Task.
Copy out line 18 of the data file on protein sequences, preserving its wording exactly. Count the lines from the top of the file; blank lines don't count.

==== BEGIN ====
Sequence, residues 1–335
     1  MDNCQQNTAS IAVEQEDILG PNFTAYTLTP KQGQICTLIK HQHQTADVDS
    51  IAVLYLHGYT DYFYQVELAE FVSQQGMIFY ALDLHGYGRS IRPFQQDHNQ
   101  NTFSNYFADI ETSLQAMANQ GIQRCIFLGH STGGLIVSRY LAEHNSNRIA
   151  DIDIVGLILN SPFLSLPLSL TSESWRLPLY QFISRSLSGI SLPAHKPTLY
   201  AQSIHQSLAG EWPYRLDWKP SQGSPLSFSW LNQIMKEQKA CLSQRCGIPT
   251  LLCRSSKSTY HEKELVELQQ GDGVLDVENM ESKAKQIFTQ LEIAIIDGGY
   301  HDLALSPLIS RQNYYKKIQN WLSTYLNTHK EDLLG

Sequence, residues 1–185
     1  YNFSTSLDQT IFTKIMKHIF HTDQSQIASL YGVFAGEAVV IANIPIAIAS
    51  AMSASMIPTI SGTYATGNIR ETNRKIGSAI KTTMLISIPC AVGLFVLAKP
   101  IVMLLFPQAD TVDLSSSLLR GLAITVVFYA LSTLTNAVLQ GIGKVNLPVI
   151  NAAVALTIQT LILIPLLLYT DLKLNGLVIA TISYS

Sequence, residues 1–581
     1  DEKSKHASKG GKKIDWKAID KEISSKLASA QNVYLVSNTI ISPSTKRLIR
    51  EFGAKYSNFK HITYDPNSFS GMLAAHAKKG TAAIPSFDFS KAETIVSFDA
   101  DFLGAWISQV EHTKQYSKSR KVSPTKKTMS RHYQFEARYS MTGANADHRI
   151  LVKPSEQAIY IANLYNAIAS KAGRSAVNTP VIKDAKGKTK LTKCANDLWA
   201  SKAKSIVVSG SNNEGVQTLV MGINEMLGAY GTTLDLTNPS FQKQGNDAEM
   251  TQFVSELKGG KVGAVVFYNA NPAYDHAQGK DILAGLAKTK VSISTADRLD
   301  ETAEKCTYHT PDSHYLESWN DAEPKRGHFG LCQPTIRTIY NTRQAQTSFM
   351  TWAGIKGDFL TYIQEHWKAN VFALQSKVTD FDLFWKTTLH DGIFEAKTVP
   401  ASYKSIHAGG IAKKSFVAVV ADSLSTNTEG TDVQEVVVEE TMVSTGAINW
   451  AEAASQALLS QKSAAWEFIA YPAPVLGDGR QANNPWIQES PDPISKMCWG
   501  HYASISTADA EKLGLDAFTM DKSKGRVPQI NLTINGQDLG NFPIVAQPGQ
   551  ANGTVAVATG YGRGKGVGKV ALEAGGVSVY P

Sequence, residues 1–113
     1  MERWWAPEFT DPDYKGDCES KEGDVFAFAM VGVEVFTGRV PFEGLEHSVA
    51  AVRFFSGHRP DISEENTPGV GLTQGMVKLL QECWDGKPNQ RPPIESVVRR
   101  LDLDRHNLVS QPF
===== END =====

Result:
   151  LVKPSEQAIY IANLYNAIAS KAGRSAVNTP VIKDAKGKTK LTKCANDLWA